In upholding the Super Bowl MVP's suspension, Goodell said Brady destroyed evidence in connection with the probe into whether he was involved in the deflation of footballs in the AFC championship game.

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2 p.m.

New England Patriots defensive back Devin McCourty says the team supports Tom Brady in his fight against the NFL.

He also says he has faith in backup quarterback Jimmy Garoppolo if he has to fill in for the three-time Super Bowl MVP during his four-game suspension. McCourty says Garoppolo has shown to be a hungry player who wants to improve. He says the second-year quarterback has been listening to Brady and trying to emulate him.

McCourty says the Patriots will approach training camp the way coach Bill Belichick tells them. That means each player focusing on football, concentrating on his own job and trying to get better.

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11:40 a.m.

New England Patriots owner Robert Kraft says his team provided NFL investigators with coach Bill Belichick's cellphone as it looked into whether Tom Brady or others improperly tampered with footballs used in the playoffs last season.

Kraft said Wednesday that the Patriots provided the NFL with every cellphone requested from team employees who weren't a part of the NFL players' union.

NFL Commissioner Roger Goodell cited the phone as a key reason why he upheld a four-game suspension for Brady for using underinflated footballs in the AFC championship against the Colts.

Brady says he replaced a broken phone only after his lawyers told the league they couldn't have it. He says he's never written, texted or emailed anyone anything related to football air pressure before the scandal known as "Deflategate" surfaced.

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10:35 a.m.

Patriots coach Bill Belichick says the four-game suspension for star quarterback Tom Brady and the saga surrounding deflated footballs won't alter his team's preparation for the season.

Belichick deflected all questions about the scandal known as "Deflategate" on Wednesday, one day after NFL Commissioner Roger Goodell affirmed the suspension for Brady for using doctored footballs in the AFC championship game. Instead of offering his take, Belichick referred to statements about the issue from team owner Robert Kraft as his team opened training camp.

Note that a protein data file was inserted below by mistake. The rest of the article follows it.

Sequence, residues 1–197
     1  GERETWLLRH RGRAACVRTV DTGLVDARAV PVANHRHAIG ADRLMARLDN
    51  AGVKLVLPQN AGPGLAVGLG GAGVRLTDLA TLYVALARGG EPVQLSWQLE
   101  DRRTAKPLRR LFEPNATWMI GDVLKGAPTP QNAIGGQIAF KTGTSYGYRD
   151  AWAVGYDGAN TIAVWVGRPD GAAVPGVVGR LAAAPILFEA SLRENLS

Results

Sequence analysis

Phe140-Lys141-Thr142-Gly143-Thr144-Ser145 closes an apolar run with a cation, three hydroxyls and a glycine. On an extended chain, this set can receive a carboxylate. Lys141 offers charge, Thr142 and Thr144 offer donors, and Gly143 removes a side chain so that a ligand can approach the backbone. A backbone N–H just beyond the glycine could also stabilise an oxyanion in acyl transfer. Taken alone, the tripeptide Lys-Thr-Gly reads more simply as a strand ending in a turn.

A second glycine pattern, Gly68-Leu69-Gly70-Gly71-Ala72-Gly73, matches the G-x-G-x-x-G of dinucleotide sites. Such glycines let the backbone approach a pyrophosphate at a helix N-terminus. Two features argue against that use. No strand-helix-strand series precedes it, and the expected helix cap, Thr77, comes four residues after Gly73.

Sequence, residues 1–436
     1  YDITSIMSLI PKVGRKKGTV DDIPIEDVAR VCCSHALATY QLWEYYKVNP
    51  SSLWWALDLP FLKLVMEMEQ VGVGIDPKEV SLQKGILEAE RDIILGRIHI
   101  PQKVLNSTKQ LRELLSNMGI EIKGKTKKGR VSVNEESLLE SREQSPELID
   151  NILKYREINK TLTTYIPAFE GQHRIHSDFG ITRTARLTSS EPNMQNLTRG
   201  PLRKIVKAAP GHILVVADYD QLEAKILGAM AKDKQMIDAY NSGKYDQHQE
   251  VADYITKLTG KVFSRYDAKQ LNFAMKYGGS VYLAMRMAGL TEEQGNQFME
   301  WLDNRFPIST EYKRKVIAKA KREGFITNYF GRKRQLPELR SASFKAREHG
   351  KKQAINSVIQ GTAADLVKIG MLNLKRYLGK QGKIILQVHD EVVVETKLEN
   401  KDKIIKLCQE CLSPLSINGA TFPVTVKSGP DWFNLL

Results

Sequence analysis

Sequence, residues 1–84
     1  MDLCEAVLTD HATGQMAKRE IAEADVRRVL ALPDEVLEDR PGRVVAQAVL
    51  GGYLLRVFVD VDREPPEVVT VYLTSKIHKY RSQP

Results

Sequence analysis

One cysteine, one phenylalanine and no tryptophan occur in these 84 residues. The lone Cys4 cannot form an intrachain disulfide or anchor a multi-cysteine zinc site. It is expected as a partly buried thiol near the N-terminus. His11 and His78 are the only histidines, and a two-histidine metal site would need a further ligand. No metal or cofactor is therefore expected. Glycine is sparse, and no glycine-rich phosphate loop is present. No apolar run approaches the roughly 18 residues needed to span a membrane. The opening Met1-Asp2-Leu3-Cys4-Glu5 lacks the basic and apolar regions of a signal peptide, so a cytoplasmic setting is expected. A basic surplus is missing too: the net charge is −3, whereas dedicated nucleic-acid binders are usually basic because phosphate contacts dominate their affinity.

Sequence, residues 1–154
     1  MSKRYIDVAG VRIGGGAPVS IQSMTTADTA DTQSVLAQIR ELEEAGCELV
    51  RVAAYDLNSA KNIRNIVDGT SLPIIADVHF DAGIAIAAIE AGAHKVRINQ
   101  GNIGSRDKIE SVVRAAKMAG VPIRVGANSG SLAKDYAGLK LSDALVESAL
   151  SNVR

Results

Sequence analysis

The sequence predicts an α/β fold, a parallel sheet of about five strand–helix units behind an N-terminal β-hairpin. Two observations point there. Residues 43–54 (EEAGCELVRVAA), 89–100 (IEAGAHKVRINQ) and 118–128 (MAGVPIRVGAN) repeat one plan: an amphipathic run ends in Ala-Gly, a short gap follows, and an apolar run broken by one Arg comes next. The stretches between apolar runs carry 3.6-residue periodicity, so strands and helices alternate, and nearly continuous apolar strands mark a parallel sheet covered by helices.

When asked whether backup quarterback Jimmy Garoppolo would get more practice in camp, Belichick replied by saying: "We practice everybody."

Belichick says every player needs to re-establish his level of performance.

Belichick says when asked whether he has spoken to Brady that he talks to the team every day.

He says the team is focused now on getting the team ready for the 2015 season.

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10:30 a.m.

New England Patriots owner Robert Kraft says he was wrong to trust the NFL in the deflated footballs case and that he regrets not appealing the penalties against the team.

Appearing at team headquarters Wednesday, a day after NFL Commissioner Roger Goodell upheld a four-game suspension of Patriots quarterback Tom Brady, Kraft angrily targeted the league for its handling of the case.

Kraft said that the league's claim that Brady trashed his cellphone was just the latest in a series of statements and leaks designed to impugn the integrity of Brady and the team.

Kraft said, "I have come to the conclusion that this was never about doing what was fair and just."

Brady was suspended four games and the team was docked $1 million and two draft picks after the league found improperly inflated footballs were used in the AFC championship game against the Indianapolis Colts.

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8:30 a.m.

Tom Brady is vowing to fight his four-game suspension for the scandal known as "Deflategate."

Brady writes in a 507-word Facebook post that he did nothing wrong, and neither did anyone in the Patriots organization.

Brady also denies destroying his cellphone to keep it out of the hands of investigators.

He says there's no smoking gun and the controversy is manufactured to distract from the league having no evidence of wrongdoing.

Brady was suspended four games and the team was docked $1 million and two draft picks after the league found improperly inflated footballs were used in the AFC championship game against the Indianapolis Colts.

Investigator Ted Wells zeroed in on two equipment managers — one who called himself "The Deflator" — and said Brady was "at least generally aware" of the illegal deflation scheme.

The Patriots went on to win the Super Bowl for their fourth NFL title under Brady and coach Bill Belichick.